By Jim Montague, Executive Editor
Because economic dangers seem to loom around every corner, it's good to have a few experienced guides to help us avoid them. Luckily, a tailor-made squad of broad shoulders to stand on showed up in Chicago this week at the Rockwell Automation Manufacturing Perspectives media event, just before the opening of the company's 20th annual Automation Fair. The panel's theme was "Optimized Plant and Supply Networks: The Next Frontier," and was moderated by John Nesi, vice president for market development at Rockwell Automation.
"The four main keys to successful manufacturing today are keeping the pipeline of innovations open and viable, managing rapidly diversifying markets and workforces, maintaining efficiency and improving production, and keeping up on sustainability," reported Nesi.
First up, Nagesh Nidamaluri, senior general manager at Mahindra & Mahindra Vehicle Manufacturers Ltd., reported that his company's 13 greenfield auto plants in Chakan, India, already are working with the company's IT department to connect the manufacturing execution system (MES) on its huge and expanding plant floors to its enterprise resource planning (ERP) system.
"We're connecting all of our many varied components and production equipment with IP addresses, which gives us the flexibility to be lean and expand as needed," explained Nidamaluri. "This method also gives us visualization for our plant managers, so they handle production in real-time, and shift or expand production lines more quickly in response to supply-chain issues and other situations."
Nidamaluri added that traditional IT versus control engineering conflicts mostly are resolved by the fact that he oversees both departments, and so he's been able to encourage them to work together. "We're even merging our digital manufacturing capabilities to the point that we're creating a digital bill of materials, and we're hoping to seamlessly link it with our MES system instead of relying on the old Excel worksheets."
Fritz Quitmeyer, director of manufacturing and controls engineering at AAM, formerly American Axle & Manufacturing, added, "Production data needs to be treated as a natural resource that's mined, refined and put to work. This information can be used to optimize operating systems, perform proactive maintenance, identify quality issues or just reduce costs. All this data can come from sources that are in-house, but instead of using it to react to situations, we can now use it to improve capacity ahead of time. It's been six years since we implemented a new controls architecture based on ControlLogix controls and EtherNet/IP networking on final assembly applications at about 10 sites. This approach has taken us from 52 weeks to 26 weeks to design and build a new manufacturing system, and from 24 weeks to six weeks to launch it on a plant floor."
Similarly, Stolle Machinery Co. recently worked with Rockwell Automation to develop a telemetry program, and add remote sensing functions to assist users of its "body making" machines, which extrude and form aluminum beverage cans after they arrive from an upstream cupping machine. "These machines can produce 3,000 cans per minute and need to run 24/7 for weeks at a time, and so we're trying to come up with a way to go from preventive maintenance to proactive maintenance. That's why our project goal was to drive and secure more intelligence," said Robert Isaman, CEO at Stolle. "We're also trying to have our customer standardize on just five can designs, instead of the 36 types they've been making worldwide, which should increase their satisfaction and keep costs down."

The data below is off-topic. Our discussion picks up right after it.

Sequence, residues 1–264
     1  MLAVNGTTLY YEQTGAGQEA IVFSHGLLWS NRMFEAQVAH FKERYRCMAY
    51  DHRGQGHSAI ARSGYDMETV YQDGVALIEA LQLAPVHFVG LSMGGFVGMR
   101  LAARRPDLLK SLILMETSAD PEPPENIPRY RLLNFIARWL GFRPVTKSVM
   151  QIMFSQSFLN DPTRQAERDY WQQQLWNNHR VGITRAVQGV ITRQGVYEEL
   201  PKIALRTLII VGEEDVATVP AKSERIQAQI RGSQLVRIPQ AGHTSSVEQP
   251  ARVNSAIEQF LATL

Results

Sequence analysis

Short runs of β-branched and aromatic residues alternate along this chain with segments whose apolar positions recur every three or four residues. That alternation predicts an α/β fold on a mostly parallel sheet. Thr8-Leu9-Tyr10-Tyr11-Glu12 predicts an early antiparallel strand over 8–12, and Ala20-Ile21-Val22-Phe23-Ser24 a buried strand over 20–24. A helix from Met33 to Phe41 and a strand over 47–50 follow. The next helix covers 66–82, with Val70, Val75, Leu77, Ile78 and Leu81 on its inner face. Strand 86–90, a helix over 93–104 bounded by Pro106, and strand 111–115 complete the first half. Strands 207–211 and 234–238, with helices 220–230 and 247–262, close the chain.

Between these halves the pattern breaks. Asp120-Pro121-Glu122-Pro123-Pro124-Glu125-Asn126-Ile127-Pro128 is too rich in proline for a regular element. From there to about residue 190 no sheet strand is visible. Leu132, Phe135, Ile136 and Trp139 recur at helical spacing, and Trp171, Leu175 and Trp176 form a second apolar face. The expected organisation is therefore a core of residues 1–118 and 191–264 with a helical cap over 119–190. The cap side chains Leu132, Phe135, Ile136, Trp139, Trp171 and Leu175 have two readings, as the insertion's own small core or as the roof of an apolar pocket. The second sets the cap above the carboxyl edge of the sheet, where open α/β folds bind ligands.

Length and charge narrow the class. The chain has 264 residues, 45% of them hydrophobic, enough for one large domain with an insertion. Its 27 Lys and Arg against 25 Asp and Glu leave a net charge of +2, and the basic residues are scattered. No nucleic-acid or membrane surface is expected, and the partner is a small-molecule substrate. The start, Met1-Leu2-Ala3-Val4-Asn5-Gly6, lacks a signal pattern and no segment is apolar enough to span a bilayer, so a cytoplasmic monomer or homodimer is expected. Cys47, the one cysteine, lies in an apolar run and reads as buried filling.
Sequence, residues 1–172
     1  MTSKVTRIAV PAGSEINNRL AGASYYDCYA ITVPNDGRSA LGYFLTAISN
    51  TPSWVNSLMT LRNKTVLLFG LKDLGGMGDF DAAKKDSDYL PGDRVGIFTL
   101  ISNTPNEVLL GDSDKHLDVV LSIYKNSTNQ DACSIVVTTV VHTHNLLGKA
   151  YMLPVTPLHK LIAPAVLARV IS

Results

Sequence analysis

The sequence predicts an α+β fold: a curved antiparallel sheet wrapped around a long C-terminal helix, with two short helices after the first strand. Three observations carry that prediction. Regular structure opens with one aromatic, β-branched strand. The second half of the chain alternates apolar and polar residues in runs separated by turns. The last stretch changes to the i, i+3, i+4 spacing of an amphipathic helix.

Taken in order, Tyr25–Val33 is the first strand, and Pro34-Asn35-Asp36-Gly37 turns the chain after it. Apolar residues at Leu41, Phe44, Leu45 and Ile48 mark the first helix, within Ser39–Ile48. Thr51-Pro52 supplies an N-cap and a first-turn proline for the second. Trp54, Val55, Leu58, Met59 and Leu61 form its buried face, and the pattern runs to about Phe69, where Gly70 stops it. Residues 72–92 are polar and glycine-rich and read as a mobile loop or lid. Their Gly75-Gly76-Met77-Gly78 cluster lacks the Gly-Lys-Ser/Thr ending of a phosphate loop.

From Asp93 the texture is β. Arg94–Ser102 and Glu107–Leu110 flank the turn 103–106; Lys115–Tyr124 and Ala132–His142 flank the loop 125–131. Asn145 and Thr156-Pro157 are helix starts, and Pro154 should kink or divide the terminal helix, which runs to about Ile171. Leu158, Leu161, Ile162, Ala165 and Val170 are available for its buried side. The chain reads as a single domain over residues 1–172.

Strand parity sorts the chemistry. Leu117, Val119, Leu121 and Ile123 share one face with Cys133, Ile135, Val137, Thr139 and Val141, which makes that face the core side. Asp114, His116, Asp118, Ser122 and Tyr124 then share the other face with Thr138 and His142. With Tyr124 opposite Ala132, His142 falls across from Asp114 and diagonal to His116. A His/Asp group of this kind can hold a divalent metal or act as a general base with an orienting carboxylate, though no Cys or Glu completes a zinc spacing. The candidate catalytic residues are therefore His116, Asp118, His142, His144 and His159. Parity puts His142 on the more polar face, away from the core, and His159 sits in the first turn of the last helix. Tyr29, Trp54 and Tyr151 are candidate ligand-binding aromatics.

Likewise, Marquis Management Services operates several ethanol refineries in the midwestern U.S., and so it's also seeking long-term sustainability and to be the low-cost provider in its industry. "We're on the process side, but we also have a lot of data to collect and analyze to better predict operating parameters and reduce variability," explained Jason Marquis, president of Marquis Management Services. "Even small, 1% improvements in production can mean millions of dollars in savings, and so with help from Rockwell Automation engineers, we're creating multivariable process control models that can help us produce the highest-quality product at the lowest cost."
For example, because many bio-refineries are located in remote, small towns, Marquis is even connecting key, offsite engineers with these facilities by giving iPads to some of its some local operators, which gives everyone access to the data they need. "This is also empowering people who have been using mostly wrenches for much of their careers," added Marquis. "Now, instead of the maintenance guy having to radio in from the field and then wait for actuations to come out from a central control room, he can take the iPad into the field and make direct adjustments as needed."